No bailout for wrongdoers
By Andre Bagoo and Clint Chan Tack Thursday, May 29 2014
THE GOVERNMENT yesterday paused the passage of legislation authorising the final stage of the bailout of the Hindu Credit Union (HCU), after the PNM’s Diego Martin North/East MP Colm Imbert said the legislation was not water-tight enough and potentially allowed persons responsible for the HCU collapse to benefit from a $500 million bailout.
The legislation authorises the State to pay out to persons with interests in the HCU in the form of bonds or otherwise. However, Imbert said, the bill has a gap because it does not specifically bar even former HCU officials from having their holdings restored under the terms of any bailout.
“Where does it say connected parties will not benefit from this payout?” Imbert queried, speaking during debate of the Purchase of Certain Rights (HCU) Bill 2014, at the International Waterfront Centre, Wrightson Road, Port-of-Spain. He said a specific provision should state that former directors, shareholders and senior managers will not benefit from the bailout. Otherwise, he argued, given the current phrasing of the legislation, these persons could file a lawsuit in court arguing that their constitutional right to equality of treatment had been violated.
“I am urging the Government to pause the passing of this bill,” Imbert said during the morning segment of the sitting. “Persons will be able to file actions in court saying this is unconstitutional because they have a right to be treated just like the other ordinary shareholders....This legislation is a recipe for corruption.” Imbert also queried why it took so long for the bill to be tabled, noting the HCU collapsed since 2008.
“It took four years to draft a bill that has eight clauses?” Imbert said. “You are opening the door for (former HCU president Harry) Harnarine and other officials involved to profit from this legislation because it is not tight enough.”
In an immediate response to Imbert, Finance and Economy Minister Larry Howai, in wrapping up debate yesterday afternoon, said the Government would defer the committee stage of the legislation in order to consider an amendment addressing Imbert’s concerns.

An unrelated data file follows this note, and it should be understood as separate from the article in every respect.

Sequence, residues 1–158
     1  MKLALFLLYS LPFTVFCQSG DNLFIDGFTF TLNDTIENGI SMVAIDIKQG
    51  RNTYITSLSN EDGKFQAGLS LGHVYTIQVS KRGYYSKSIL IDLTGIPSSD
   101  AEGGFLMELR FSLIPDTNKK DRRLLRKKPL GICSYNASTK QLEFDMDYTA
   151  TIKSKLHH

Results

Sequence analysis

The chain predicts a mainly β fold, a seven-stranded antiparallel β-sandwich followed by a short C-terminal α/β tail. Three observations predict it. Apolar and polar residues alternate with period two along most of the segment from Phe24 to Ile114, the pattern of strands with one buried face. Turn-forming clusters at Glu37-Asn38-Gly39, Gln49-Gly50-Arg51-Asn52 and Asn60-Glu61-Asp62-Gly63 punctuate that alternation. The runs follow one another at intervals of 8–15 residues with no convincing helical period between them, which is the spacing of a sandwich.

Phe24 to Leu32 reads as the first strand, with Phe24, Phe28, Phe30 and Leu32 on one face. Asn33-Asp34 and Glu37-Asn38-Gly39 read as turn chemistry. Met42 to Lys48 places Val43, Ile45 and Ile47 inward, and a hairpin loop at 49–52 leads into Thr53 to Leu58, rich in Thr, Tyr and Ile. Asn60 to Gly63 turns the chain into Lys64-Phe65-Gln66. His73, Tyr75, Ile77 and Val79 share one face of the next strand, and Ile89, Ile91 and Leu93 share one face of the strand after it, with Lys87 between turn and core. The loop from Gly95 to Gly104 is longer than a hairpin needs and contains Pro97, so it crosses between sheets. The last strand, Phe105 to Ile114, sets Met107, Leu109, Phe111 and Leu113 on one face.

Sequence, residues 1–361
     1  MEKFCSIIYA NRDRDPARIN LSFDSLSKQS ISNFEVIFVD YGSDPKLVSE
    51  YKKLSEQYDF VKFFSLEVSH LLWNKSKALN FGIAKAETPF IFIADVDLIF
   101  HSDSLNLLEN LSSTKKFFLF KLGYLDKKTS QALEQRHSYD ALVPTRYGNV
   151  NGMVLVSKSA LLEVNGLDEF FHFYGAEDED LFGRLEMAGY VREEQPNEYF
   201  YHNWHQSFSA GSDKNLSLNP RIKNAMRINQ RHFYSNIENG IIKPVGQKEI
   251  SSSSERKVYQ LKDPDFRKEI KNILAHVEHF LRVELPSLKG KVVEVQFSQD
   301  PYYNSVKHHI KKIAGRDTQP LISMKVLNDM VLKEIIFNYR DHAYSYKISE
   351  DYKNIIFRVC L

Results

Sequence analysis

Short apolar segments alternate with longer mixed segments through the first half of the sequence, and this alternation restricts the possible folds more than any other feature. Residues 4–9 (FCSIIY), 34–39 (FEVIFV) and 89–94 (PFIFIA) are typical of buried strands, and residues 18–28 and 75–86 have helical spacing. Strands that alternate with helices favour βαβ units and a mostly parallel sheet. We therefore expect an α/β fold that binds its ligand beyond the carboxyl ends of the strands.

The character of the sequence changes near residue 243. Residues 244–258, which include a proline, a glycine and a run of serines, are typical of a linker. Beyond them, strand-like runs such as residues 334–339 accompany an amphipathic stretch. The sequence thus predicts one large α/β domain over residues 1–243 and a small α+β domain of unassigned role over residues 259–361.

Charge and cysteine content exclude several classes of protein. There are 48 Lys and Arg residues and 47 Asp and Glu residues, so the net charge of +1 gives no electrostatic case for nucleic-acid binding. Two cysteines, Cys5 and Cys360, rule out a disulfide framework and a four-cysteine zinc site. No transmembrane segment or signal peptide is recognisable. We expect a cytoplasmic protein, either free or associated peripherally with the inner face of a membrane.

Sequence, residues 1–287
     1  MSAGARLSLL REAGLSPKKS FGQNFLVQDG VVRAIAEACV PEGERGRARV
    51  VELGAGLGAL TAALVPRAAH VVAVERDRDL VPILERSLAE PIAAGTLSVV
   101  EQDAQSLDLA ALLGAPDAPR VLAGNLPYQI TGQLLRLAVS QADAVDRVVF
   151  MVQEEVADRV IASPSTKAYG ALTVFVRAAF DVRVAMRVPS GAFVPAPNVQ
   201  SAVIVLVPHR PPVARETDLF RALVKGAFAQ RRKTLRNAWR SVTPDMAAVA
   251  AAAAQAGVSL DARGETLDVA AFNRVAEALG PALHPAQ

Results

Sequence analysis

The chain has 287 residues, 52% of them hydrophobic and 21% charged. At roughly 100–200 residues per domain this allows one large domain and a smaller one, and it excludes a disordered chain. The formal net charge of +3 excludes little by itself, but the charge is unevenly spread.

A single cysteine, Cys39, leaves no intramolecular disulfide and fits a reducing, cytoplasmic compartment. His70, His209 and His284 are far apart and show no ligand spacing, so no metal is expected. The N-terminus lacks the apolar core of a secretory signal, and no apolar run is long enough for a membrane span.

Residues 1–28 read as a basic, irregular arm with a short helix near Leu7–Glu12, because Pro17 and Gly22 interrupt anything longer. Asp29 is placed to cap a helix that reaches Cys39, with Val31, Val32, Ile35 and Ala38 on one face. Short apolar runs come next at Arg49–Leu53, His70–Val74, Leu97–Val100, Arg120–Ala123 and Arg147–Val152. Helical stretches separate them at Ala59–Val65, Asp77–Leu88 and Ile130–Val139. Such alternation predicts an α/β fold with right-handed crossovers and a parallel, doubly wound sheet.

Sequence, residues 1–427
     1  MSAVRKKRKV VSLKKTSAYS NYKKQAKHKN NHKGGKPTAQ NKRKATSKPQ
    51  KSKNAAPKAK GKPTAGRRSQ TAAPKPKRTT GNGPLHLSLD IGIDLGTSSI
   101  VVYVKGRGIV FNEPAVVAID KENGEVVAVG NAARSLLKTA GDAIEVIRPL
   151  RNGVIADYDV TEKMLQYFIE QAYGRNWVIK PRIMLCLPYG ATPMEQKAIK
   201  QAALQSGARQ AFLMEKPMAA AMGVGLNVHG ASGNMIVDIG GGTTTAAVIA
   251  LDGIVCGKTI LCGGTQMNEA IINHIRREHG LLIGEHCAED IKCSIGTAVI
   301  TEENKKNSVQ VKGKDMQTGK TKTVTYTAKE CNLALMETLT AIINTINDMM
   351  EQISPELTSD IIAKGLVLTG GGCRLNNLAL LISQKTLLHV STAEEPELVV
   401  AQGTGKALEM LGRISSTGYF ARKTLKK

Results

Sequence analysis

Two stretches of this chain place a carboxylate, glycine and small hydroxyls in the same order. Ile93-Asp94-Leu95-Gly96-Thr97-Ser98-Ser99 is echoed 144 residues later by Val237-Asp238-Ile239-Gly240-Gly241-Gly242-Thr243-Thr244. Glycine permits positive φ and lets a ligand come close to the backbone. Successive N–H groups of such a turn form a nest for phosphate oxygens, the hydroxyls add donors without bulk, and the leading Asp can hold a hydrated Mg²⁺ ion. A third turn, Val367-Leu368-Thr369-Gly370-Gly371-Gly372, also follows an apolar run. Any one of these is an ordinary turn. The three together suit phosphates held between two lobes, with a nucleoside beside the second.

Howai said, “Under no circumstances, is this Government prepared to make any payment to any related parties. This is not about bailing out wrongdoing. We are bailing out innocent victims.”
“I had explored that issue with my technical staff and they did advise me that the liquidator could have proceeded, because a liquidation is different from the situation that existed in Clico,” he said. Howai said an amendment would be prepared addressing Imbert’s concerns and the Government looks forward to the Opposition’s support “for that amendment to the legislation.”
Expressing optimism about bringing closure to the HCU issue, Howai disclosed, “In the end, it’s going to cost us about $500 million to regularise this position.”
Imbert said the HCU’s Harry Harnarine funded the UNC’s 2007 general election campaign to the tune of $3 million, but the HCU involved “all sides” of the political spectrum.
“Politics is involved and intermingled with the HCU story on all sides,” Imbert said. The Colman Inquiry heard claims of lobbying from the HCU’s Harry Harnarine at Balisier House under the Patrick Manning administration leading to an apparent back-down on plans to intervene; as well as claims that Harnarine assisted the PNM and UNC parties.
Of the legislation, which allows the State to buy-out remaining holdings of persons with interests over the value of $75,000, Howai said, “With this final act we now embark on the process of bringing to a close this entire sordid affair.”